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How Do Pimples Form?

Pimples can appear on the face or body, particularly on the back, chest, or buttocks. One of the main causes of pimples is acne. There are different types of acne, and therefore different types of pimples. Then, a question arises:  How do pimples form? Find out in this article.

Published February 29, 2024, by Sandrine, Scientific Editor — 7 min read

A Few Words About Acne.

Acne is an inflammatory skin disease of the pilosebaceous follicle. It is the most common dermatosis, and the number one reason for consulting a dermatologist. It generally affects teenagers at puberty, but can also occur in adulthood.

There is no single cause of acne, but several. However, three main elements are important in the pathophysiology of acne: excess sebum, the Cutibacterium acnes bacterium and hyperkeratinization.

There are numerous types of acne pimples: whiteheads, papules, pustules, nodules, and cysts. At the skin level, these do not form in the same way. Let’s take a look at the process of a pimple in its variations.

How Do Whiteheads Form?

Whiteheads, also known as closed comedones or microcysts, are a form of sub-superficial pre-acne. They result from hypersecretion of sebum by the sebaceous glands. This excess sebum blocks the pores, forming a white microlesion.

In addition to hyperseborrhea, whiteheads also result from hyperkeratinization of the cells lining the follicular canal. In other words, the cells multiply excessively, leading to obstruction of the follicular canal and preventing sebum elimination.

As a result, sebum accumulates under the skin, giving rise to an indurated, localized bulge. Whiteheads may regress spontaneously or become inflamed. They are frequently observed in retentional acne.

Note: There are also open comedones, but these are not considered pimples. Open comedones or blackheadsresult from the same process as microcysts. When these clogged pores are opened, oxidation occurs on contact with air and the impurities trapped inside the pore turn brown, forming a blackhead.

How Do Papules Form?

Papules are inflammatory skin elements characterized by a swelling of solid consistency, i.e., containing no liquid or pus, small (1 to 4 mm) and pink to reddish

Papules are one of the manifestations of inflammatory acne. This inflammation is caused by a bacterium: Cutibacterium acnes.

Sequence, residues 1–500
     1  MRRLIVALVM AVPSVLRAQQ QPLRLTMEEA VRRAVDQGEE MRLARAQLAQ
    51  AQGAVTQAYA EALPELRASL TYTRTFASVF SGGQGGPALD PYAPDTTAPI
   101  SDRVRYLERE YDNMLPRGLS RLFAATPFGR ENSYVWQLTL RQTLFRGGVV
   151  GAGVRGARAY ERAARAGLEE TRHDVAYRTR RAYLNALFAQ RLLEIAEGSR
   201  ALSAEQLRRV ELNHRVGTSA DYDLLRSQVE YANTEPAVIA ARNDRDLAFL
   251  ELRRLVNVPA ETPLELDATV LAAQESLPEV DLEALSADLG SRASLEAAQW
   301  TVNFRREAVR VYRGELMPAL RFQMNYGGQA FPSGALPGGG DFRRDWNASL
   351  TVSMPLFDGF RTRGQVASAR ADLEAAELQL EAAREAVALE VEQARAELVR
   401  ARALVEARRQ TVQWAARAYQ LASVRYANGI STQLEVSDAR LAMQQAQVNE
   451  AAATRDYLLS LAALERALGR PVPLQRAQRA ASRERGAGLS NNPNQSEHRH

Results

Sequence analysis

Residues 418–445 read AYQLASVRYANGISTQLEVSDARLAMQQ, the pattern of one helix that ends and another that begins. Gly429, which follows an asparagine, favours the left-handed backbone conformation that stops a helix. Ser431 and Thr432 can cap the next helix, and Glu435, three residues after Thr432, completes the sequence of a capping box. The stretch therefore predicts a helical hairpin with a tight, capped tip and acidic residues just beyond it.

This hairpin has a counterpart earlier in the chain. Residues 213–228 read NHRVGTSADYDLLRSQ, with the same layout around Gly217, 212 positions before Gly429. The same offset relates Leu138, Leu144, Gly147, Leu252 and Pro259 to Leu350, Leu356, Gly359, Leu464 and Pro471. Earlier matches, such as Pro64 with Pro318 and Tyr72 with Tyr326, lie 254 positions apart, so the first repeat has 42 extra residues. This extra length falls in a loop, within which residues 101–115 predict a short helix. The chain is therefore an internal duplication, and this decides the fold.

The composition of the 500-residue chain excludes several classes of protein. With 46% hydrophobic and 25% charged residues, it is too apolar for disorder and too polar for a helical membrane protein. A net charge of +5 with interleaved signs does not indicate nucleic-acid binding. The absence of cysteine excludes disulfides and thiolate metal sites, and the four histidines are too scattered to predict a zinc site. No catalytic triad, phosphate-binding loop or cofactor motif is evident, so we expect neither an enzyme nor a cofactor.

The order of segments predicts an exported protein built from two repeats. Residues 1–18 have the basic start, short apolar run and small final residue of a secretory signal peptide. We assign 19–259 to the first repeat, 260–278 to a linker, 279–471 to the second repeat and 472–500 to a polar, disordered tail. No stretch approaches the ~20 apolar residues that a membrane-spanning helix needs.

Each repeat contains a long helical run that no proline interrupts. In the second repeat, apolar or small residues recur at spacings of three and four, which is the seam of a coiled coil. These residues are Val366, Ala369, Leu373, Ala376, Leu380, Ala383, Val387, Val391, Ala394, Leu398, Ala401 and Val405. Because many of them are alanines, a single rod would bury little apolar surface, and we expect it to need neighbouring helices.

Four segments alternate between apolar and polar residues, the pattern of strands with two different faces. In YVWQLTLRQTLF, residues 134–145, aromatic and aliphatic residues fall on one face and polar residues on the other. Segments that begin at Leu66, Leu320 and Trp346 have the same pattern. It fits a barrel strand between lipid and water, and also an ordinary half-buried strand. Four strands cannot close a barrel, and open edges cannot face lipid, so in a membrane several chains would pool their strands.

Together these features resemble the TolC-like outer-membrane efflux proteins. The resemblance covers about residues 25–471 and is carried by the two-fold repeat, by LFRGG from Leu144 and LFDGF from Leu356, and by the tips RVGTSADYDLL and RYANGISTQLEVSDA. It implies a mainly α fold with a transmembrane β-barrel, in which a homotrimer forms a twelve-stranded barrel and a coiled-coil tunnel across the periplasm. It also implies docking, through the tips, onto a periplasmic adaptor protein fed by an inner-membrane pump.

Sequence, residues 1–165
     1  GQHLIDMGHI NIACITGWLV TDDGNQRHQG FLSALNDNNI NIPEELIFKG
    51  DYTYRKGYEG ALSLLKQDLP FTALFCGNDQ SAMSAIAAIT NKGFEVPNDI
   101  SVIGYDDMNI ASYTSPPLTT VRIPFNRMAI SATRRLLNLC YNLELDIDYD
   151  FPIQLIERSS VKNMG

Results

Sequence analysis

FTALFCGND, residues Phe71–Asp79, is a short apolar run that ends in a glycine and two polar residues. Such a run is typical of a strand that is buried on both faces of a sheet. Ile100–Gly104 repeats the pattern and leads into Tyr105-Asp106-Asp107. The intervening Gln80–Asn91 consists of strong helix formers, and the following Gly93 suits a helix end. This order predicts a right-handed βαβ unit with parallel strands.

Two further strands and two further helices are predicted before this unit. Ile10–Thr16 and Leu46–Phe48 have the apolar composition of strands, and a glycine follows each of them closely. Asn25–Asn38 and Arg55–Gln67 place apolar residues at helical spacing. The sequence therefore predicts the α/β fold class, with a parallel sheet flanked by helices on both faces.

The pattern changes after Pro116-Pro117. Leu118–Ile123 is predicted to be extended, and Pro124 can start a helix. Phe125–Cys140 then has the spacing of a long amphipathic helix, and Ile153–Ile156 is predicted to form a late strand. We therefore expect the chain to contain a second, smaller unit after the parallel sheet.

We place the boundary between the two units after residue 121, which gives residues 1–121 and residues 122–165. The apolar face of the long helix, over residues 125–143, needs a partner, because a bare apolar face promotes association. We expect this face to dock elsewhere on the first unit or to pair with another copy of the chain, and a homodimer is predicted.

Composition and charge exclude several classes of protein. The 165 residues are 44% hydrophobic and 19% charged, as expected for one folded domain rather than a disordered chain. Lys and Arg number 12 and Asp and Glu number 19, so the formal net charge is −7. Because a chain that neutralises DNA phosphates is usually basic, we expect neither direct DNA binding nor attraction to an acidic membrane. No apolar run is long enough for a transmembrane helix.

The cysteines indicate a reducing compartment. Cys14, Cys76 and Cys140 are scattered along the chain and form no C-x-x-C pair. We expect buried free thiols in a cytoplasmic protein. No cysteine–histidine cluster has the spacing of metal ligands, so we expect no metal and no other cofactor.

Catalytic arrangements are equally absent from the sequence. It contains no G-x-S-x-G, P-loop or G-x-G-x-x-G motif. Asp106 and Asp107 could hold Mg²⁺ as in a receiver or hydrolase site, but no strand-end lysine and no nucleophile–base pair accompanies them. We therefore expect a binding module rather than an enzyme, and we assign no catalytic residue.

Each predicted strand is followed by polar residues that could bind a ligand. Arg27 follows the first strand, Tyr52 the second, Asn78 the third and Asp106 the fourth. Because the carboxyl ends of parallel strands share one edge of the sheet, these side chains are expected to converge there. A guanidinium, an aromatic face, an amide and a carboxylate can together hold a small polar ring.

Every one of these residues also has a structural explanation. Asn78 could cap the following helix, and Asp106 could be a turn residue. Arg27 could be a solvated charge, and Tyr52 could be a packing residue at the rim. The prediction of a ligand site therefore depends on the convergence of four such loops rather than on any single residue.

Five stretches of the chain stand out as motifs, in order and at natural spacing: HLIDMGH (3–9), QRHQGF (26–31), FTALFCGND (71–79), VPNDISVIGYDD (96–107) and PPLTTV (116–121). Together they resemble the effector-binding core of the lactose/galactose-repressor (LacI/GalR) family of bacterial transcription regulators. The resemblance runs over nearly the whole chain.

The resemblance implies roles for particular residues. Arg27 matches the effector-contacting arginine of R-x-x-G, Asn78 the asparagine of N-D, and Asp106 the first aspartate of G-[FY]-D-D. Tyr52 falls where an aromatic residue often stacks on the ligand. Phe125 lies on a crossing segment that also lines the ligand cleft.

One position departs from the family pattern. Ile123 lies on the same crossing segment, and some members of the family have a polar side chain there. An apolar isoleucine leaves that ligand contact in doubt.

Cutibacterium acnes is a commensal bacterium of the cutaneous microbiota. It helps maintain the skin's equilibrium. However, under certain conditions, Cutibacterium acnes proliferates abnormally and becomes pathogenic.

As mentioned above, whiteheads, which are the least severe manifestation of acne, can become inflamed. In fact, they are caused, among other things, by excess sebum. This grease-rich environment encourages the proliferation of Cutibacterium acnes, which secretes inflammatory mediators. This generates an inflammatory response on the skin's surface. This bacterium is also responsible for hyperkeratinization of the skin (thickening of the skin), leading to the appearance of blemishes.

The papules seen in inflammatory acne are the sign of superficial inflammation caused by the proliferation of Cutibacterium acnes.

And What About Pustules?

Pustules are small inflammatory skin lesions characterized by a well-defined, circumscribed elevation of the epidermis (less than 5 mm in diameter), with a white or yellow purulent fluid at the center.

Like papules, pustules are observed in inflammatory acne and are a sign of superficial inflammation.

When the inflammation is too great or lasts too long, bacterial contaminationinfects the pimple, which fills with pus. In this case, the papule becomes a pustule.

How Do Nodules and Cysts Form?

Nodules and cysts are seen in inflammatory acne and more severe forms of acne, such as acne conglobata. They indicate deep inflammation.

Nodules are painful balls of solid tissue over 5 mm in size. Unlike papules and pustules, which appear on the surface of the skin, nodules are deeper. In fact, they reflect the progression of inflammation into the deeper layers of the skin.

Cysts are deep, painful subcutaneous lesions. Unlike nodules, cysts are filled with a semi-solid liquid (composed of sebum, cells and dead skin). They result from the clustering of several nodules under the skin.

Nodules and cysts are the result of a deep inflammatory reaction. Cutibacterium acnes, present in the pustules, continues to proliferate, amplifying the inflammatory reaction.


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